What happens when eight women get together for a potluck brunch?
They bring enough food for 20.
Here’s what covered the table recently at a gathering of a group of women that I’m privileged to be a part of:
A majestic mountain of hot baked ham, gleaming in an orange marmalade glaze; creamy potato salad with fresh dill; a plate of cheeses, herbed olives and homemade fig preserves; steamed asparagus with hollandaise sauce; a green salad with slices of baby squash and zucchini; mimosas; and warm apple-blueberry cobbler with vanilla ice cream.
Sign Up and Save
Get six months of free digital access to The News & Observer
Because I was less than 24 hours back from a week on the Outer Banks, I begged off cooking due to tons of laundry and needy cats. I brought store-bought challah and tapenade, plus a jar of my homemade peach jam. At the last minute, I whipped up some honey butter out of a feeling of inadequacy.
Why was I worried?
If a freak blizzard during the brunch had marooned us, we would’ve been able to last a week — probably longer, since the hostess had a well-stocked pantry, gas grill and plenty of books.
I was worried because I’m a woman, and women feed people. Our greatest fear is that we will run out of any edible item that someone – even one person – wants.
At the brunch, when the Champagne for mimosas was gone after two rounds of drinks, the person who brought the supplies began berating herself. On her third apology, I thought to myself that she couldn’t help it if we’re lushes. I blamed our consumption level on the rainy day, and a need for tart drinks as we picked at Mount Pork with our fingers like gleeful cavewomen.
It’s just how women are. We do not want to run out. We feel responsible.
Packing for the beach is another example. I bring groceries from home. Lots of them.
After driving for hours and finally smelling the ocean, I don’t want to have to hack my way through the only grocery store in town first thing. I don’t want The Hub and me to immediately cram ourselves in line behind packs of people pulling two carts apiece, each stuffed with 12-packs of light beer, bags of nacho cheese chips and pounds of ground beef.
I want to pack enough stuff that I pare our needs down to a level that opens the glorious portals of the express lane. Even if this store defines its express lane as “about 12 items.” Not 12 items – about 12. That qualifier makes the store appear to consider the express lane an iffy concept, like wormholes in space.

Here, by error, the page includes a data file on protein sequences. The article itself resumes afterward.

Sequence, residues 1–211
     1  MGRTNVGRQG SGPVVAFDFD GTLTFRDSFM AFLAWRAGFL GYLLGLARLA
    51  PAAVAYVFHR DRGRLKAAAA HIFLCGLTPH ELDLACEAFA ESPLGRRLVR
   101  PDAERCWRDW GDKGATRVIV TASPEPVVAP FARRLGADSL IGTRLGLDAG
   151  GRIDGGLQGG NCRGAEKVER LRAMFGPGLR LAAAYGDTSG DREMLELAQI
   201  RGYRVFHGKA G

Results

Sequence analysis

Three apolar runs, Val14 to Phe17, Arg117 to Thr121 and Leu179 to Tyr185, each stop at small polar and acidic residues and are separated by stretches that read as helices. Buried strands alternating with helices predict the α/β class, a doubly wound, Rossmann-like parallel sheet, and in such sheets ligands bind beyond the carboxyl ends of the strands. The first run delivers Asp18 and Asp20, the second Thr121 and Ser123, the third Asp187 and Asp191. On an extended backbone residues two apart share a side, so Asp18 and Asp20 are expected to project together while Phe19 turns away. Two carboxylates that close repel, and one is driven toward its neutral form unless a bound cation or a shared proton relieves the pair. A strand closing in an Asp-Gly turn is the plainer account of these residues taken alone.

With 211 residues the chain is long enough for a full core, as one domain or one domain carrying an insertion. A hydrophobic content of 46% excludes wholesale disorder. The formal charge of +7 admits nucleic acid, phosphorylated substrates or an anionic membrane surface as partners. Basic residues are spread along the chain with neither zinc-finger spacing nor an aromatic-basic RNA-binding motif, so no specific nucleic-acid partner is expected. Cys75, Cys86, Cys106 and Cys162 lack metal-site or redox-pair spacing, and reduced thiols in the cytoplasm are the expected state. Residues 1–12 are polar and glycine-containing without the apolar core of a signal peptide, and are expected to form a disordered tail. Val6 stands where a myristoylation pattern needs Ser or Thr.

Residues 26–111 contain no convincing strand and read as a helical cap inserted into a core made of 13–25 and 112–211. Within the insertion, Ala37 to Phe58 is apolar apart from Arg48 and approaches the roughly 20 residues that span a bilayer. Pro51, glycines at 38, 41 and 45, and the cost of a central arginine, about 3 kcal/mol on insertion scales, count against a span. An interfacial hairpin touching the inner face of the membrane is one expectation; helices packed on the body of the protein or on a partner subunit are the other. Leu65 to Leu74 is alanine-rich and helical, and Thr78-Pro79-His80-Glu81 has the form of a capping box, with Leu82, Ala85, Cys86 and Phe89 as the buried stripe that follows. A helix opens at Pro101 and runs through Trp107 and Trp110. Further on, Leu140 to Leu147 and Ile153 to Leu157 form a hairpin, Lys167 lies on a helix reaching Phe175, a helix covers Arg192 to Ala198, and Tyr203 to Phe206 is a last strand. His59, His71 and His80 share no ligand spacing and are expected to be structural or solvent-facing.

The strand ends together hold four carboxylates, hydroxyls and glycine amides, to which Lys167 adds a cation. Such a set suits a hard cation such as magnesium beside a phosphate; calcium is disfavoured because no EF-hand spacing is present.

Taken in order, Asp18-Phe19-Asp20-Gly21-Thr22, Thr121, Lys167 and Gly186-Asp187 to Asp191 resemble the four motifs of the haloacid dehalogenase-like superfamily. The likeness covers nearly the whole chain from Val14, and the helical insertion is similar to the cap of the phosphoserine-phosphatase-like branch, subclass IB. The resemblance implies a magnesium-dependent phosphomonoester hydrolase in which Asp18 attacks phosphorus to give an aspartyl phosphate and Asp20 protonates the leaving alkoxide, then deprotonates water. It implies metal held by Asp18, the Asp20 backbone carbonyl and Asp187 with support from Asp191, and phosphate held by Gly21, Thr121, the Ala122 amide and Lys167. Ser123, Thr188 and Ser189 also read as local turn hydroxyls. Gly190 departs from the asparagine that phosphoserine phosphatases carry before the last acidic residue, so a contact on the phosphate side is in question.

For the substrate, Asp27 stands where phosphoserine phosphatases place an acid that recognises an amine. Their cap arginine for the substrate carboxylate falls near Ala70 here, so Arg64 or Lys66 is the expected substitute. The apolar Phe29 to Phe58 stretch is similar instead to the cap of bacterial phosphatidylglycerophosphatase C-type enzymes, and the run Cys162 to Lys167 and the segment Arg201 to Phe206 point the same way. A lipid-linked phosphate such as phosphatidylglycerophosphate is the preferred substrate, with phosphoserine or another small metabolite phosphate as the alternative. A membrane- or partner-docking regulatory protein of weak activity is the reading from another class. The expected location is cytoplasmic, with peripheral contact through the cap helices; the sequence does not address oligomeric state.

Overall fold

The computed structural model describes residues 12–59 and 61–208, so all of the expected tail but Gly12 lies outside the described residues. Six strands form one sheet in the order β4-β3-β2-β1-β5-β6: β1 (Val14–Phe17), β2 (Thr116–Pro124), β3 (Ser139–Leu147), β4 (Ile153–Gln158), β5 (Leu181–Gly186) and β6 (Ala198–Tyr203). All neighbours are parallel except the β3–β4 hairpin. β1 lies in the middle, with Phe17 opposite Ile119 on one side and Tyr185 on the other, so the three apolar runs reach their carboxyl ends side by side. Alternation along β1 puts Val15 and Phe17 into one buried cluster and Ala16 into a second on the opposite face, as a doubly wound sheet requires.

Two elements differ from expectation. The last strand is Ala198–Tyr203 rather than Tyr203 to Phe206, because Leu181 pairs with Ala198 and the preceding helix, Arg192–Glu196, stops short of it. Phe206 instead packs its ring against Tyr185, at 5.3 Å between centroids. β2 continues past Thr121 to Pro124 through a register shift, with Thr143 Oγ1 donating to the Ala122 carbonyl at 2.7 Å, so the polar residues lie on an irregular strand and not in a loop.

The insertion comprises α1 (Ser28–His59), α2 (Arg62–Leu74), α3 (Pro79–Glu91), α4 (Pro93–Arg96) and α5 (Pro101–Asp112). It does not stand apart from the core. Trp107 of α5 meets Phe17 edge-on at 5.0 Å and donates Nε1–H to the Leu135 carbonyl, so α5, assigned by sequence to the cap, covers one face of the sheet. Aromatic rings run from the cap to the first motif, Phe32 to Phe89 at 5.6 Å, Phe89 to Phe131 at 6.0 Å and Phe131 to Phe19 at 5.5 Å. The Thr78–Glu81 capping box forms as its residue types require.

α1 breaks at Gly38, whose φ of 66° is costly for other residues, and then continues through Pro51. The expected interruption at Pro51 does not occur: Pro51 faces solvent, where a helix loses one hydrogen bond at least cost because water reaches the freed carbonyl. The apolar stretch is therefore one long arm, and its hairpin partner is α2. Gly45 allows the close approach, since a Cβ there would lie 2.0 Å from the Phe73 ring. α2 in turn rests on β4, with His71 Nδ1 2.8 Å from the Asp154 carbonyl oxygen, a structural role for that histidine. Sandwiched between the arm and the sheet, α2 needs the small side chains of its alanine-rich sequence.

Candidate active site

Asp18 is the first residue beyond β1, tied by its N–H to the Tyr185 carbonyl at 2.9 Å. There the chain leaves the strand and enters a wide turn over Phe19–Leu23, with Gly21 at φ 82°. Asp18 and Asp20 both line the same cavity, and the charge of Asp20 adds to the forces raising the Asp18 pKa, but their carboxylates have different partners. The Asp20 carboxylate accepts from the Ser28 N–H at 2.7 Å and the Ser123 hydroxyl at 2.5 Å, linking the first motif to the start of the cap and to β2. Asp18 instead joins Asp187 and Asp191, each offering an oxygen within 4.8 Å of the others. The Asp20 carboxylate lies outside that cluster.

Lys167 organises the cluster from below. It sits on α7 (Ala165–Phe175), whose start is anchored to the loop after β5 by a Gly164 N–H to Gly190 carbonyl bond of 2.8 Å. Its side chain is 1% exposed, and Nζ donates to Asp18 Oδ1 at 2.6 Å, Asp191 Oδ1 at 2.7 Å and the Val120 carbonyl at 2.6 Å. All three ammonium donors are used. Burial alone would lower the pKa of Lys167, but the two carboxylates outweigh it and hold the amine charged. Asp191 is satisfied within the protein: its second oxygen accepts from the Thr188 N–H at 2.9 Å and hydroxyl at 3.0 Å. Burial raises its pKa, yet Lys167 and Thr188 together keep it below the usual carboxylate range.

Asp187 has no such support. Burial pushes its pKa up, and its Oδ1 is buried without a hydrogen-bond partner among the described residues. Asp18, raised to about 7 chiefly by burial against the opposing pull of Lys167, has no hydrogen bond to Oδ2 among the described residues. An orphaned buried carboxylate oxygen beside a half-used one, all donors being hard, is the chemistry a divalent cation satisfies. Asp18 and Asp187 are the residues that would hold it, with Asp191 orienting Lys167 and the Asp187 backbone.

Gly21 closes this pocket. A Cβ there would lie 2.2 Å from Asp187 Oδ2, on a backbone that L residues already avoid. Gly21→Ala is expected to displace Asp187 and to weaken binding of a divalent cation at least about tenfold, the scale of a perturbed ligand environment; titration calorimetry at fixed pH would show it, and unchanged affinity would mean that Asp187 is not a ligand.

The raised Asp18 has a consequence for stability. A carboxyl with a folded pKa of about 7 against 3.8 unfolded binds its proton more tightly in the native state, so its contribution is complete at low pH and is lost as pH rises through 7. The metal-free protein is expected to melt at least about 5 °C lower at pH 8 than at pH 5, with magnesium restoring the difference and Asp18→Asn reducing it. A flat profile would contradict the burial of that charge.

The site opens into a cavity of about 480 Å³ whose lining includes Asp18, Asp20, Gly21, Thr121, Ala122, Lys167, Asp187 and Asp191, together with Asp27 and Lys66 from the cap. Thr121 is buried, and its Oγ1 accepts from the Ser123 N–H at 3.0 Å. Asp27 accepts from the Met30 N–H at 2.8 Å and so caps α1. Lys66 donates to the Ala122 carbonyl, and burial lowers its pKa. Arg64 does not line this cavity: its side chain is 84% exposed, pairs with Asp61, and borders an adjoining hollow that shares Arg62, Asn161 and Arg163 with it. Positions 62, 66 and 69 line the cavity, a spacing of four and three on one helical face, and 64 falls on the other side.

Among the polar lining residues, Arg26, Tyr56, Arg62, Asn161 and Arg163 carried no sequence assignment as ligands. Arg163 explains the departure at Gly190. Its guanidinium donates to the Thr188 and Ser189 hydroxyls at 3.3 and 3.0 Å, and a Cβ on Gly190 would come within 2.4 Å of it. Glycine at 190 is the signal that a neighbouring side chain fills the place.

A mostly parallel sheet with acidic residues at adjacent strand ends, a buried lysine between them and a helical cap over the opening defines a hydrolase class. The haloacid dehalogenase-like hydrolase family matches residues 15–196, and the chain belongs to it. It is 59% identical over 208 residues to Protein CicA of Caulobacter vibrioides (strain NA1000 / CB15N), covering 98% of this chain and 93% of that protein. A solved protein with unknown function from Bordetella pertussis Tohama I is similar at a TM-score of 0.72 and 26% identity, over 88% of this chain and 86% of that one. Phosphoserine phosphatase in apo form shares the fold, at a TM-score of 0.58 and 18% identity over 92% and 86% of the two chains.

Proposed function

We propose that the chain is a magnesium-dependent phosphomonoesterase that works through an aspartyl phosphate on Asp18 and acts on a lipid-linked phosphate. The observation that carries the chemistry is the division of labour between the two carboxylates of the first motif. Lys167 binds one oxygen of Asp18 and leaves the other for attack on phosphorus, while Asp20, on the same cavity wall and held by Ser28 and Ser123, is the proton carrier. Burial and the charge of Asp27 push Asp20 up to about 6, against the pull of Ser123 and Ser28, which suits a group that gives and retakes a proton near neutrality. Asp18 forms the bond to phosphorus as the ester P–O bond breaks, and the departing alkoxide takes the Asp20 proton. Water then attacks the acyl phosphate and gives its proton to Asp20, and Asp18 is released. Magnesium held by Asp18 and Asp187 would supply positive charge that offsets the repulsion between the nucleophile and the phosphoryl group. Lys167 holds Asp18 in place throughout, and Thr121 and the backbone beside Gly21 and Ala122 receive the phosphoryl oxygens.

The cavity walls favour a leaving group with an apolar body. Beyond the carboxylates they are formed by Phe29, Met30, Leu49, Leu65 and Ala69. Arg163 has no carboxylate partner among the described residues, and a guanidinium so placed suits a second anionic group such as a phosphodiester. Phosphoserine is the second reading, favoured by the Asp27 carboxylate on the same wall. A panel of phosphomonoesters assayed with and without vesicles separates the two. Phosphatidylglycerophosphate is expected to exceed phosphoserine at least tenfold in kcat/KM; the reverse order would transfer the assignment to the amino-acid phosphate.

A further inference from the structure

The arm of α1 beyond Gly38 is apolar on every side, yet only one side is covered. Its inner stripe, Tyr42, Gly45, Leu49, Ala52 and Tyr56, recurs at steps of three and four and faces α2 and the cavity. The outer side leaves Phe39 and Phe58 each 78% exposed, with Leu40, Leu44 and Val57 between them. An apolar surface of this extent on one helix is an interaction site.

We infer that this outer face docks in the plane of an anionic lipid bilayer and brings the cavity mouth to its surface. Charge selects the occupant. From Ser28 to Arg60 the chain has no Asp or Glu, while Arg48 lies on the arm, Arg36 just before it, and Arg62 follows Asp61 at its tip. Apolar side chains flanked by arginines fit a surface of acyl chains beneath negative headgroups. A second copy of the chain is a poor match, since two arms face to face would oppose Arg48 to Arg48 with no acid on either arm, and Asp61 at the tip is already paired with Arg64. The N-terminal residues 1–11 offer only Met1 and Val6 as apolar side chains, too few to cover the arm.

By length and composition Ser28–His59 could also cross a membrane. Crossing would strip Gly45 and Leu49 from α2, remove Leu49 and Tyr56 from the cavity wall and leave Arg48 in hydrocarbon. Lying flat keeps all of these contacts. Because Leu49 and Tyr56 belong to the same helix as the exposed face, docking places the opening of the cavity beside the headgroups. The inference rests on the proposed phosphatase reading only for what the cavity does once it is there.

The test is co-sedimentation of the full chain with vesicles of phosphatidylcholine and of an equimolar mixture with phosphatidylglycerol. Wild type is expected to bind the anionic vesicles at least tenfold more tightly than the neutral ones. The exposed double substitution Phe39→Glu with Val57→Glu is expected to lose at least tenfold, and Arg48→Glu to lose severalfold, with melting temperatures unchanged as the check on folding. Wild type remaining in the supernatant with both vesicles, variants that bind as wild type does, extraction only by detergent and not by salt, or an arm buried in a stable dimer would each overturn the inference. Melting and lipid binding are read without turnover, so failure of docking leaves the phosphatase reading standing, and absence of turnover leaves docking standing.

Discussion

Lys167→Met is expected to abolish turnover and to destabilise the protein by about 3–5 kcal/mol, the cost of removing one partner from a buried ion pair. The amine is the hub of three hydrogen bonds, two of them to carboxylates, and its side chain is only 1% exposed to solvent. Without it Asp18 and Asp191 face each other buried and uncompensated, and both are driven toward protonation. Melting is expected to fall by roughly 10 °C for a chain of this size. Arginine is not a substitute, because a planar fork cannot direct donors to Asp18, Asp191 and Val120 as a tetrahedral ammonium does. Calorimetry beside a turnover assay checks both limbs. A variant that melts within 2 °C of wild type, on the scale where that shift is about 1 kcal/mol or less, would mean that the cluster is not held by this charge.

That “about” means that I can still end up behind groups buying enough eggs, laundry detergent and Popsicles (which a child has opened and begun to stickily consume, explaining the ton of detergent) for three family reunions. However, that event is less likely to occur in the express lane, no matter how theoretical the lane is. And most people have the good taste to look embarrassed when I give them the stink eye that says: Yes, I’m on vacation, now let me get out of here so I can start it.
I hear you, now: The grocery store is a mere 10 minutes away, lady, and you’re not stuck on a sandbar in the middle of the Atlantic.
But why should I wait until I get to the land of sand, sea and parties of 12 to buy mayonnaise, mustard and salsa? I need my locally roasted coffee, of course. Will one bag of Oreos be enough? Maybe two, just to be sure. And dark chocolate bars; you never know. Just two bags of blue corn chips and four bottles of seltzer? One more of each. And popcorn.
There’s room. We’re driving a giant metal tote bag.
And our current favorite microbrew. I refuse to face the horror of anything with “light” in the name. Strawberries and lettuce will do fine in the cooler, and just put that bag of tomatoes in the back seat out of the direct sun.
Wait, is that jar of mayonnaise big enough?
Moose is a Raleigh cookbook author and former News & Observer food editor. Reach her at debbiemoose.com.